Immune Boost Bars can help prevent flu
SCOTTSDALE, Ariz. Adding immune-boosting foods to a diet can help prevent contracting the flu, and eFoodSafety.com is helping that effort with its new Immune Boost Bar.
The biotech company, which develops nutraceutical and whole-food products, has packed the bars with such immuninty-boosting supplements as natural citrus oils, vitamins and a blend of minerals and electrolytes.
The bars feature such flavors as chocolate, chocolate mint, peanut butter and oatmeal cinnamon raisin, so are designed to be tasty and convenient, while helping prevent illness with 40 active compounds that assist with enhancing immunity, detoxification, cleansing and metabolic efficiency.
According to the Centers for Disease Control and Prevention, the flu season in the United States can last from November to as late as May. Each year in the United States the contagious respiratory illness affects between 5 percent and 20 percent of the population; more than two hundred thousand people are hospitalized from flu complications and approximately 36,000 people die from the disease.
Such foods as the Immune Boost bars are among the ways to avoid contracting the flu, according to health experts, as are are washing one’s hands after riding public transportation, avoiding hand contact with one’s nose and eyes and promptly discarding facial tissues after use.
Valentine’s Day increases chocolate sales
NEW YORK The one thing most people expect on Valentine’s Day is the classic box of chocolates. The Nielsen Co. agrees, and due to a report released recently, the company predicts that U.S. consumers will purchase an estimated $323 million in chocolate candy this week.
Based on supermarket sales, top cities that sell chocolate are Atlanta, Denver, Cincinnati, Louisville, Houston and Dallas. According to Nielsen, chocolate, which is ranked number one for chocolate candy sales, is not the only purchase that is expected to be increasing this Valentines Day. The report also stated that more pregnancy and infertility test kits are sold approximately 6 weeks after Valentines Day than any other time of the year.
In addition, sales of sparkling wine are higher on Valentine’s Day as well as premium-priced rose wine, which according to the company signifies that Valentine’s Day is indeed a holiday during which consumers choose to splurge.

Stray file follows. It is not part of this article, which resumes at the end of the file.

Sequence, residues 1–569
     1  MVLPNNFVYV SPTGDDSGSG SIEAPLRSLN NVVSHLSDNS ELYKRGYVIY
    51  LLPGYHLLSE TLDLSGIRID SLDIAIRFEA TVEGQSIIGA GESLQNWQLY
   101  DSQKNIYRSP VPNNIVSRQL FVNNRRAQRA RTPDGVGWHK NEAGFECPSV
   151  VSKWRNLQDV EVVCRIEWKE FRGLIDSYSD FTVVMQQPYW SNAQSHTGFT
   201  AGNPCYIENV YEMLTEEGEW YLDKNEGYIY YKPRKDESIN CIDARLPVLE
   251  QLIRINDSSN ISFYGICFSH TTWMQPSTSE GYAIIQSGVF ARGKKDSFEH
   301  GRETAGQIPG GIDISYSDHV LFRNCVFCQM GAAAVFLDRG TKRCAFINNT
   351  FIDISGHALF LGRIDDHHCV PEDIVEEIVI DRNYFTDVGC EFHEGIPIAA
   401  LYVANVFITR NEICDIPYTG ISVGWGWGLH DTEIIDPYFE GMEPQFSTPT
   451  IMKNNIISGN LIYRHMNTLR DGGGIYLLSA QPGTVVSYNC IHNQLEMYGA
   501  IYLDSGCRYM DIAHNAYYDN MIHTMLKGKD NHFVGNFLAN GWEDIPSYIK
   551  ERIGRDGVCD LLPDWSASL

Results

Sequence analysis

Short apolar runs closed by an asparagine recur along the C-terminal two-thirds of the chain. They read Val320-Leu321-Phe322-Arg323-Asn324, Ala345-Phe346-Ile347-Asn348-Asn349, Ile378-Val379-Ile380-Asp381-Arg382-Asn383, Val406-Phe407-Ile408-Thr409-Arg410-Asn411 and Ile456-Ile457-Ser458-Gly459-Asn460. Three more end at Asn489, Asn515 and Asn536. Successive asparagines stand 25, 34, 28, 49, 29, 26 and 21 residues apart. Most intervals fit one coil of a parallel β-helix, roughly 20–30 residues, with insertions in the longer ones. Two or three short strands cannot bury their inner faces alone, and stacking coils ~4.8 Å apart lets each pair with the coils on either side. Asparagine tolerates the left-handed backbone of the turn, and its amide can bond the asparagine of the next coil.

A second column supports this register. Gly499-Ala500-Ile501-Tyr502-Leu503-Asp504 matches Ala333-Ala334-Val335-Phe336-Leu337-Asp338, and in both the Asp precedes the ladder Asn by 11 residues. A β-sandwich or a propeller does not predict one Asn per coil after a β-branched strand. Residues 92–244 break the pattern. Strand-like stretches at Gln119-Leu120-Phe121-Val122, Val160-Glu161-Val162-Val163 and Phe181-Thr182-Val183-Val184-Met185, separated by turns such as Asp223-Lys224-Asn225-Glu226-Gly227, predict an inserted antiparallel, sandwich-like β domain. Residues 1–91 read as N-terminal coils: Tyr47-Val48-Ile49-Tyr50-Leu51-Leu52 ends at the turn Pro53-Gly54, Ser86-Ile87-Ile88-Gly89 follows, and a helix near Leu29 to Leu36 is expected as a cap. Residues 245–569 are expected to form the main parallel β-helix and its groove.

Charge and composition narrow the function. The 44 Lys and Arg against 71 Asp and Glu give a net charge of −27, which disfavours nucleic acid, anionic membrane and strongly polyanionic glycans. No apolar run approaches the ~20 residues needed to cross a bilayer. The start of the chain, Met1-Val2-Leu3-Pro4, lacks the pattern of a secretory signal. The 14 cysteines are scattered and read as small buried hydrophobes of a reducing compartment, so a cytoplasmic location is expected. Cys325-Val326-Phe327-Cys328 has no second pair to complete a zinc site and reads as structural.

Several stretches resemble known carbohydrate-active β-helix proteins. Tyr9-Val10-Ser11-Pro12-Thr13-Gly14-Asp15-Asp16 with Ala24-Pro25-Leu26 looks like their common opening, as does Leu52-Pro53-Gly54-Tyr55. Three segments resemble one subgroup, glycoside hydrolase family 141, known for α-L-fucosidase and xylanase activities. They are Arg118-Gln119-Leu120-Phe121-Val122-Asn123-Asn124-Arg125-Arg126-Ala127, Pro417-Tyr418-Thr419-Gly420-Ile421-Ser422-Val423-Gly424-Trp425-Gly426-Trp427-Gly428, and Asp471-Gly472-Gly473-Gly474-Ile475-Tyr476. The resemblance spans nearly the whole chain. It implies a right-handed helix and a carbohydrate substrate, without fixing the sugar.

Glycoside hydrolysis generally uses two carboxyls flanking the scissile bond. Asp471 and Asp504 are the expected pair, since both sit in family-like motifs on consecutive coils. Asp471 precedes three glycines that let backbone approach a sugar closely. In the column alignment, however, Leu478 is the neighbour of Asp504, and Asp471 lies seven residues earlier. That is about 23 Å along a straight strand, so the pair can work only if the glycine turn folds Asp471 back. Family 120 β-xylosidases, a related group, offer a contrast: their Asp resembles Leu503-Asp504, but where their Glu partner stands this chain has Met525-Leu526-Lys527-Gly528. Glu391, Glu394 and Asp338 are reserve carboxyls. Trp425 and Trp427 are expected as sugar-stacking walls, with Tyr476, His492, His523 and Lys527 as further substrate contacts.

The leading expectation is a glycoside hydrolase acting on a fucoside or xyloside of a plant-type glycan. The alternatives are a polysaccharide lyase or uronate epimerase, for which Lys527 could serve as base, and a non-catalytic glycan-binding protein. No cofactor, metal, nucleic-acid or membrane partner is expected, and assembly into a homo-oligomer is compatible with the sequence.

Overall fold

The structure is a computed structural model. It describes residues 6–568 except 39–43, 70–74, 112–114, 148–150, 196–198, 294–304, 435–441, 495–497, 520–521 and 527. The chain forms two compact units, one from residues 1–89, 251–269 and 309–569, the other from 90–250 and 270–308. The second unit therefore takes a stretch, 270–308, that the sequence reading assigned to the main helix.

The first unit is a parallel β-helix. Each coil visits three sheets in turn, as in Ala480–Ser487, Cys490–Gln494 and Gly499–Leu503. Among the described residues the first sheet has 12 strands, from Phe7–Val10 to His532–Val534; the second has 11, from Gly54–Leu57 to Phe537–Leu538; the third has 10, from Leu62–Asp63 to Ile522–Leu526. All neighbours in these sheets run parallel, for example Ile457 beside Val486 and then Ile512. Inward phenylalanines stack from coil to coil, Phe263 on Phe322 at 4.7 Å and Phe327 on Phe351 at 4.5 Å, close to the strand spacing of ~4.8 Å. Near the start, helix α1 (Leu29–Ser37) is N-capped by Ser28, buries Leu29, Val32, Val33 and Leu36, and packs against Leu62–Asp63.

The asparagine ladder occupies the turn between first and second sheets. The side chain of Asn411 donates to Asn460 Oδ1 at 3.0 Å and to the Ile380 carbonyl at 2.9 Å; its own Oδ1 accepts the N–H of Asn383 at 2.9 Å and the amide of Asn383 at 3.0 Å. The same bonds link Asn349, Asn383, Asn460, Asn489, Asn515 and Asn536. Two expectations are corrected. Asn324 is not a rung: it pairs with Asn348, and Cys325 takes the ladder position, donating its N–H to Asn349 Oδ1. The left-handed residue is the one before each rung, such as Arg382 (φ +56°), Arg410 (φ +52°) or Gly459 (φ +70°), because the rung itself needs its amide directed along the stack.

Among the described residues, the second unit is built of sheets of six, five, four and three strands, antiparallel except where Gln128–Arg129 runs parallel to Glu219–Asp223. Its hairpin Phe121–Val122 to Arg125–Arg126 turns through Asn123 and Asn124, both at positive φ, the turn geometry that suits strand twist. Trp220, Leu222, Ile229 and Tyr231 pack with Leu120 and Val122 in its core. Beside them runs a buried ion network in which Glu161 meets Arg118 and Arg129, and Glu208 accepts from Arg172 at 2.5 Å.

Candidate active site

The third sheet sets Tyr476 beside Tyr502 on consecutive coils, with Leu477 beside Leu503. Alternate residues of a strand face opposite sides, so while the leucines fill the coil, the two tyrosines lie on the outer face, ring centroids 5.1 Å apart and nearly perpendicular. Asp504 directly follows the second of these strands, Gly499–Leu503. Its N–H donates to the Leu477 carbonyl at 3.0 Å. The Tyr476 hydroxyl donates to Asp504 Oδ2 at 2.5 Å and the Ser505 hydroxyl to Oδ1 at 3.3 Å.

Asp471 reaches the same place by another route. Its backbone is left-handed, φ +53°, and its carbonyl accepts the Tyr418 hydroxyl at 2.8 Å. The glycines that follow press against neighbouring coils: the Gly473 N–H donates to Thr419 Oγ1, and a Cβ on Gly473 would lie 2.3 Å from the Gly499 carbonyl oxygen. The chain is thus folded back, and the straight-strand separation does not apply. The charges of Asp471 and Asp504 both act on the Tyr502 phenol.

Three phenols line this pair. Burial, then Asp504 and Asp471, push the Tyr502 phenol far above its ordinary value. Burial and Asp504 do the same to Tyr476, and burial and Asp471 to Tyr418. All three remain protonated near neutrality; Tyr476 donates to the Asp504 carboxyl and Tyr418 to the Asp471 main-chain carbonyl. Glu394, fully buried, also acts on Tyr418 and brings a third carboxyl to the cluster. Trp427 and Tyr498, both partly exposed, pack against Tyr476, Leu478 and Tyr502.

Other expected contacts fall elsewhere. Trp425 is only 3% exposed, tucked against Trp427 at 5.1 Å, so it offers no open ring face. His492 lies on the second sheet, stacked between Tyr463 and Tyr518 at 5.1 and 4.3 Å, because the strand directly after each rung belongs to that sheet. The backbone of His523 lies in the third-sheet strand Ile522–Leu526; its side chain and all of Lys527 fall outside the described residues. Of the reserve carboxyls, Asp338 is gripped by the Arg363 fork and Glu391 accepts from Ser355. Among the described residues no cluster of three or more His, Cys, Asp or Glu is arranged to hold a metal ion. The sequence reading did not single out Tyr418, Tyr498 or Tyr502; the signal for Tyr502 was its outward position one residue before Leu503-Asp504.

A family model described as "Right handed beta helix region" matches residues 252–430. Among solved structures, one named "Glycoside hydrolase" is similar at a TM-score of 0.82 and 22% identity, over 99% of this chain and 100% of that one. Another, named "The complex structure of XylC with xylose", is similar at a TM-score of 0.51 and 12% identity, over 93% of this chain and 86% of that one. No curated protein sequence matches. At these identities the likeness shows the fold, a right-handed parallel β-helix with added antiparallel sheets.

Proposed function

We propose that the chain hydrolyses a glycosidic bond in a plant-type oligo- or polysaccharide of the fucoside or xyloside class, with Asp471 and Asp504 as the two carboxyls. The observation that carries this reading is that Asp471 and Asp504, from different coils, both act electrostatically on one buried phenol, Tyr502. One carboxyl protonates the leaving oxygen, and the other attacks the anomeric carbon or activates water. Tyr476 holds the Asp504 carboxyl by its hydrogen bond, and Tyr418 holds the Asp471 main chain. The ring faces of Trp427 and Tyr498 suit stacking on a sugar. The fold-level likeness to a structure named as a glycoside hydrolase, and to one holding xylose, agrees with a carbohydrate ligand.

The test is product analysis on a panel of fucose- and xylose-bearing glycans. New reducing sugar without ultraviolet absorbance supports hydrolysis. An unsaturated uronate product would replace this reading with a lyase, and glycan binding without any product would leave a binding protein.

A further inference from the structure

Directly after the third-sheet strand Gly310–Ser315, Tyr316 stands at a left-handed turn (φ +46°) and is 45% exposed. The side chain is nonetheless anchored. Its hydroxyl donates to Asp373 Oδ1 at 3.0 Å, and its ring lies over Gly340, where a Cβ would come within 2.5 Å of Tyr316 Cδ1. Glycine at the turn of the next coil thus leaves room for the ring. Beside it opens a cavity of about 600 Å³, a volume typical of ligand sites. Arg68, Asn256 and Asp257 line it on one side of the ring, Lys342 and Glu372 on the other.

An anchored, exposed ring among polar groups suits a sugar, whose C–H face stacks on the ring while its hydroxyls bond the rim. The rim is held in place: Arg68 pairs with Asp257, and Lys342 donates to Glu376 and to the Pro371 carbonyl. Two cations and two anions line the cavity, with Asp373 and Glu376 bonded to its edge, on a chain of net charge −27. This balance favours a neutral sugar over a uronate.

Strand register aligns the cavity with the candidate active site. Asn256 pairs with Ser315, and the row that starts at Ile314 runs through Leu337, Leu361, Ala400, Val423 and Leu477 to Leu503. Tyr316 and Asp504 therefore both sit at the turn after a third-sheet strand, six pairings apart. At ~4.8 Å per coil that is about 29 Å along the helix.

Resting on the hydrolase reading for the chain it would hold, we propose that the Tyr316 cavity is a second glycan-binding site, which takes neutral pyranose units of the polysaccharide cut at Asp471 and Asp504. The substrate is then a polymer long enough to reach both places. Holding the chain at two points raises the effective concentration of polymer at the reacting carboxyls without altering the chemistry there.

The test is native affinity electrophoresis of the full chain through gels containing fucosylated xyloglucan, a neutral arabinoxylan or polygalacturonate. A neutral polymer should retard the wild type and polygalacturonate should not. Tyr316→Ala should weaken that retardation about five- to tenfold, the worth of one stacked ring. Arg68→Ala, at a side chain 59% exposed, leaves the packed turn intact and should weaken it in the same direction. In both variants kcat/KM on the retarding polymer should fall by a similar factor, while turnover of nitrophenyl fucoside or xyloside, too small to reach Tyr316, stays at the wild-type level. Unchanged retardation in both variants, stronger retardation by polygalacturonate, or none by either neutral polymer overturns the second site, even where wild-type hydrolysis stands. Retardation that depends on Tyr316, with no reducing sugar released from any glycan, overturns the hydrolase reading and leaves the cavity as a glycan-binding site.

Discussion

CHFA disputes report that new law will lead to deceptive labeling
TORONTO The Canadian Health Food Association on Tuesday took exception to a Globe and Mail report published Monday that suggested dietary supplement manufacturers will soon be able to run roughshod over Health Canada in making disease state claims on behalf of dietary supplements.
“The changes to the federal rules, which take effect June 1, represent a significant boost for the natural health industry, which is eager to increase its credibility and capitalize on a booming market for vitamins and botanical supplements by directly marketing their health claims to consumers,” Carly Weeks writes for the Globe and Mail. “But medical experts and consumer advocates warn the federal government’s decision could result in a flood of deceptive claims about natural health products that are backed up by inadequate or even flawed scientific evidence.”
“The article … misinformed the reader into thinking Health Canada was at the mercy of natural health product manufacturers,” complained CHFA president and chief executive officer Penelope Marritt in a letter-to-the-editor, addressed to the Globe and Mail, and posted on the association’s web site. “Nothing could be further from the truth.”
At question are some revisions made to Canada’s Food and Drug Act that will allow manufacturers to apply to Health Canada to make claims they have not been able to make in the past, such as “helps in the prevention of cancer,” for example. “Modifying Schedule A gives natural health product suppliers the ability to apply to Health Canada to make treatment, prevention and/or cure claims for certain disorders and diseases,” Marritt wrote. “Natural health suppliers must continue to meet product licensing requirements under the Natural Health Products Regulations and at the same time, continue to substantiate any preventative claim with sufficient levels of evidence.”
Consequently, consumers are still protected from fraudulent product claims and encouraged to seek appropriate medical treatment for serious conditions, Marritt argued.